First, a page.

Vin de Paille Quintessence from Tablas Creek Vineyards in Paso Robles
Vin de Paille (pronounced “Vaa d’Pie”) is a delicious dessert wine. The translation from French means (literally) “Wine of Straw” or “straw wine”. However, this wine is definitely NOT made from straw. Tablas Creek uses the traditional Mediterranean technique for producing it: ripe grape bunches are carefully laid down on straw-covered benches in their greenhouses and allowed to dehydrate in the sun. When the grapes reach the desired sugar concentration, they are pressed and the juice is moved to oak barrels for fermentation. The juice ferments until it reaches an alcohol level at which the sweetness of the juice is balanced by the acids and mineral characteristics of the wine itself.
Drinking Vin de Paille brings to mind the scene of a tranquil farm after harvest. The crops are picked, the hay is mown, and the produce is off to market. The sun sets low in the sky, pumpkins are stacked up near the other autumn vegetables, and everything is right with the world.
So how does it taste? Excellent! A honey-like flavor touched with a little maple syrup, caramel, and apricots. It’s sweet and tasty, but not overpowering. It’s more viscous than regular wine, but it’s not syrupy. And one unique thing: this dessert wine has backbone. Its flavor is powerful enough that it can stand up to foods and/or desserts. Some dessert wines are best by themselves, but this one can be drunk by itself or with a dessert.
Which dessert, you ask? Easy: coffee caramel crème brulee! The caramel flavor in the brulee combines with the hint of caramel in the dessert wine, and the mild coffee flavor offsets the sweetness very nicely.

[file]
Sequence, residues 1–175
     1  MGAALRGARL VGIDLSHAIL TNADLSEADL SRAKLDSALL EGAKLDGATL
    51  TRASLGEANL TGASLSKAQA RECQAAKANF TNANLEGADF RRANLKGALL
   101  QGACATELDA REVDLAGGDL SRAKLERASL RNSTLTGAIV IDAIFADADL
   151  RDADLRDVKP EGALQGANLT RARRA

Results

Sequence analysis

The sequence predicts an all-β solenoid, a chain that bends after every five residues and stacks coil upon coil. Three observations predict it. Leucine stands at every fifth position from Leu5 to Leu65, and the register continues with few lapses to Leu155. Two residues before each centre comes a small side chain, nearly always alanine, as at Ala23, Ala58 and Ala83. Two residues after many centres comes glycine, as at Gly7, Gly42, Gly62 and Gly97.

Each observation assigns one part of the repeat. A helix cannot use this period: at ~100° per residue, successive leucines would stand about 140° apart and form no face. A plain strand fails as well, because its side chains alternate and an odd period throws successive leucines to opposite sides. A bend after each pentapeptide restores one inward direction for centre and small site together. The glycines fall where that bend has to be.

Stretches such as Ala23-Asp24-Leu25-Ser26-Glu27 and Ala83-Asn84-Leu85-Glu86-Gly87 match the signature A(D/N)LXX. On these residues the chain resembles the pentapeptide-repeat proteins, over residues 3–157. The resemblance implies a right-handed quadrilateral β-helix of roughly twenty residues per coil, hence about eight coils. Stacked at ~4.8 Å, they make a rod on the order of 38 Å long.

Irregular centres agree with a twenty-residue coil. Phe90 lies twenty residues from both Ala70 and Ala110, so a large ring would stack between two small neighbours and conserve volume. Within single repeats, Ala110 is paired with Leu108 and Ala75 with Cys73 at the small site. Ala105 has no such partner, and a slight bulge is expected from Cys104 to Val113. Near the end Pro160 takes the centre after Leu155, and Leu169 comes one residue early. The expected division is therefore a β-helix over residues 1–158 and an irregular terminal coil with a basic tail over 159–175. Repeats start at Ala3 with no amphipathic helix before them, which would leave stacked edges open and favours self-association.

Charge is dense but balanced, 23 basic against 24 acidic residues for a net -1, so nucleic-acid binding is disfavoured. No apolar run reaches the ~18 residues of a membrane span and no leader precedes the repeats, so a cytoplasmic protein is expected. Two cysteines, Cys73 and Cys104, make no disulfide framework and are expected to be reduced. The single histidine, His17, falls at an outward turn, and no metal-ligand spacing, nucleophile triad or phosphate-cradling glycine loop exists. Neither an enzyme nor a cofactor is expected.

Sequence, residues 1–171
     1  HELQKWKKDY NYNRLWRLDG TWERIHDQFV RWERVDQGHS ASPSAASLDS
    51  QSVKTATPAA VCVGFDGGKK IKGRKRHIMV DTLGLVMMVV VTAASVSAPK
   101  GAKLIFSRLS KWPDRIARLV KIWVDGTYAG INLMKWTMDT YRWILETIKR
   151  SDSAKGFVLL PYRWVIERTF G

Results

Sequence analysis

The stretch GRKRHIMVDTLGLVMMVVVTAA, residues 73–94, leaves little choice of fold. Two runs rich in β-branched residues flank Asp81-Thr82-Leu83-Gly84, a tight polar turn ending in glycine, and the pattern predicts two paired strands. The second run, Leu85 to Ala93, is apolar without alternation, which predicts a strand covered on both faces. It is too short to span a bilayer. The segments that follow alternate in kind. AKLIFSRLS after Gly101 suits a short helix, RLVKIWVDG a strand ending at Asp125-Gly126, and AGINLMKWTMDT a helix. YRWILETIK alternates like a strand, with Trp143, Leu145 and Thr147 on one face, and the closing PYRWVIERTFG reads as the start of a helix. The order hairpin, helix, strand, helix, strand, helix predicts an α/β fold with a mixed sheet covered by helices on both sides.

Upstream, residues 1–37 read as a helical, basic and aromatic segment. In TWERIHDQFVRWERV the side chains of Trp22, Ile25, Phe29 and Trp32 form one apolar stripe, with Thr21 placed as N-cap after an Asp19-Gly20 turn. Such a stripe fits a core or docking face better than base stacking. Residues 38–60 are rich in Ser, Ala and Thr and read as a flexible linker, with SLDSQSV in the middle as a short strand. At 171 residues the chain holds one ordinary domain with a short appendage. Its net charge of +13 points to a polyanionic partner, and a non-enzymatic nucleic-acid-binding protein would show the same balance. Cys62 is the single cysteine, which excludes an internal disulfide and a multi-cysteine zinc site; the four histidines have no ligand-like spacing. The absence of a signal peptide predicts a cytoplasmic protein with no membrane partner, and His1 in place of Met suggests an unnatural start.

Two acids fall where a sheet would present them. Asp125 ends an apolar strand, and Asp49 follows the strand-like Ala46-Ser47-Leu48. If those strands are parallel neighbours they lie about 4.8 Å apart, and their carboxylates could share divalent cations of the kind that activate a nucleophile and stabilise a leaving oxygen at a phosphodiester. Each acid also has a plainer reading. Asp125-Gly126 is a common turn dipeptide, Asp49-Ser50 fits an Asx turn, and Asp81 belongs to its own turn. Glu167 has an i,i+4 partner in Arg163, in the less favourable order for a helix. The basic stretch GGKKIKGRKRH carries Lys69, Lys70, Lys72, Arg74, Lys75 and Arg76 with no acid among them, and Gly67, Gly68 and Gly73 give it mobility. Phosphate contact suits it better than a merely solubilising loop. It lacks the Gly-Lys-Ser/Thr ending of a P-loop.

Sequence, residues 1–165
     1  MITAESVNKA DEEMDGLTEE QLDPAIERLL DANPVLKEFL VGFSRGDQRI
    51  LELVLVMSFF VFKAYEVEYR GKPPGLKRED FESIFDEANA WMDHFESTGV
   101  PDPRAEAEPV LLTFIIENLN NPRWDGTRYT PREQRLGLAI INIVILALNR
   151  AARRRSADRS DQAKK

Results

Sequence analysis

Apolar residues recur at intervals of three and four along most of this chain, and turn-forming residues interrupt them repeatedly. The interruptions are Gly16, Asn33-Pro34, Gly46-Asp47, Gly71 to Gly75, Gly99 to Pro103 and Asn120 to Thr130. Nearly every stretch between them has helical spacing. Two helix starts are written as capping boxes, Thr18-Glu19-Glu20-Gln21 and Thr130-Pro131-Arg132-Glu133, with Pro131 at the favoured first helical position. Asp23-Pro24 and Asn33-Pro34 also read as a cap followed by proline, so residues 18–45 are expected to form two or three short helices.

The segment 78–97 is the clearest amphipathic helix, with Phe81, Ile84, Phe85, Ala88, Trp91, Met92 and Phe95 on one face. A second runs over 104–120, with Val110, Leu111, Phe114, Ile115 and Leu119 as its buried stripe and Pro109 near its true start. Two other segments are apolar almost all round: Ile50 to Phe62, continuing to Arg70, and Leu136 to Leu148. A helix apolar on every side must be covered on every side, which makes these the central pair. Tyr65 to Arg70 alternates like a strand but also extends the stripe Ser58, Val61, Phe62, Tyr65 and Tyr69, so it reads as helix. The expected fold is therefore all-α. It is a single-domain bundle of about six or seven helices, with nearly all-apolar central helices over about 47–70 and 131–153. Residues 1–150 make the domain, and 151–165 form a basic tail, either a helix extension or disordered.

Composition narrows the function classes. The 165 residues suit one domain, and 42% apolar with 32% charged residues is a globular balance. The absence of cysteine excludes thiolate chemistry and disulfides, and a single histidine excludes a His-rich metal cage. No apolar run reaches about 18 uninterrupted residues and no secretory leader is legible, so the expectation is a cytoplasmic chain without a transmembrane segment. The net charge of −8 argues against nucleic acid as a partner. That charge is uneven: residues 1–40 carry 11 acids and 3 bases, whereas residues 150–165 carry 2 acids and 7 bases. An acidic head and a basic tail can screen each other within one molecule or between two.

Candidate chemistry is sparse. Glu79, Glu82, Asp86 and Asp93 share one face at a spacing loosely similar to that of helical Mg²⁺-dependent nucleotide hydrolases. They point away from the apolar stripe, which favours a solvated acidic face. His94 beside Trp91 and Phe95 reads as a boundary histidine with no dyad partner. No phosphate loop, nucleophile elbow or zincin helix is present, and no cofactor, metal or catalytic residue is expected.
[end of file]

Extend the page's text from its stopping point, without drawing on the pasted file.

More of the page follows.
Coffee-Caramel Crème Brûlée
2 cups heavy whipping cream, divided
1/4 cup dark-roast coffee beans, coarse-ground or crushed
1 cup sugar, divided
1/2 cup water
2 cups half and half
8 large egg yolks
1/4 teaspoon salt
8 teaspoons raw sugar
1. Bring 1 cup cream and coffee beans to simmer in heavy small saucepan.
2. Remove from heat; cover and let steep at least 20 minutes and up to 1 hour.
3. Preheat oven to 325°F.
4. Stir 2/3 cup sugar and 1/2 cup water in heavy medium saucepan over low heat until sugar dissolves.
5. Increase heat to medium-high and bring to boil, brushing down sides of pan with wet pastry brush.
6. Boil without stirring until syrup is deep amber, swirling pan occasionally, about 11 minutes.
7. Remove pan from heat.
8. Add remaining 1 cup whipping cream (mixture will bubble up).
9. Stir over low heat until caramel is smooth.
10. Stir in half and half. Strain coffee-infused cream into caramel cream; discard coffee beans in strainer.
11. Whisk yolks, salt, and remaining 1/3 cup sugar in large bowl to blend.
12. Gradually whisk in cream mixture. Strain custard into large measuring cup.
13. Arrange eight 2/3-to 3/4-cup ramekins or custard cups in roasting pan.
14. Divide custard among ramekins.
15. Add enough warm water to roasting pan to come halfway up sides of ramekins or custard cups.
16. Bake custards until just set in center, 65 to 70 minutes.
17. Transfer custards from water bath directly to refrigerator.
18. Chill uncovered until cold, at least 3 hours and up to 1 day.
19. Sprinkle top of each custard with 1 teaspoon raw sugar.
20. Using a kitchen torch, melt the sugar on each custard until deep amber. (Alternatively, preheat broiler. Arrange custards on small rimmed baking sheet; broil until sugar topping melts and browns, about 2 minutes.)
21. Refrigerate custards until sugar topping hardens, at least 30 minutes and up to 1 hour. Serve cold.
My review: I just can't stop loving you.
So pour yourself a glass of Vin de Paille and relax in front of the fire. It’s going to be a long winter, but this is a great dessert wine that will make it go by nicely.